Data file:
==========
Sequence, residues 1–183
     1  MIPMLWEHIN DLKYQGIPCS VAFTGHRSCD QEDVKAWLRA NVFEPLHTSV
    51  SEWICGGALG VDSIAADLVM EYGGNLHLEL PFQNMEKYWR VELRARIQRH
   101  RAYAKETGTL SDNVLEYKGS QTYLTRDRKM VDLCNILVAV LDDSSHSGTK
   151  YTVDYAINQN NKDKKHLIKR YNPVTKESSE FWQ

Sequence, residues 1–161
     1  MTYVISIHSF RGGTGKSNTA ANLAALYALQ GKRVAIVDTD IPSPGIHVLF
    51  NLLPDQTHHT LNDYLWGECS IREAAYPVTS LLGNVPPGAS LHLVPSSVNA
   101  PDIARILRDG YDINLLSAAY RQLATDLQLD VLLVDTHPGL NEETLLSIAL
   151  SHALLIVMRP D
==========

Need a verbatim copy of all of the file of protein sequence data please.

Sequence, residues 1–183
     1  MIPMLWEHIN DLKYQGIPCS VAFTGHRSCD QEDVKAWLRA NVFEPLHTSV
    51  SEWICGGALG VDSIAADLVM EYGGNLHLEL PFQNMEKYWR VELRARIQRH
   101  RAYAKETGTL SDNVLEYKGS QTYLTRDRKM VDLCNILVAV LDDSSHSGTK
   151  YTVDYAINQN NKDKKHLIKR YNPVTKESSE FWQ

Sequence, residues 1–161
     1  MTYVISIHSF RGGTGKSNTA ANLAALYALQ GKRVAIVDTD IPSPGIHVLF
    51  NLLPDQTHHT LNDYLWGECS IREAAYPVTS LLGNVPPGAS LHLVPSSVNA
   101  PDIARILRDG YDINLLSAAY RQLATDLQLD VLLVDTHPGL NEETLLSIAL
   151  SHALLIVMRP D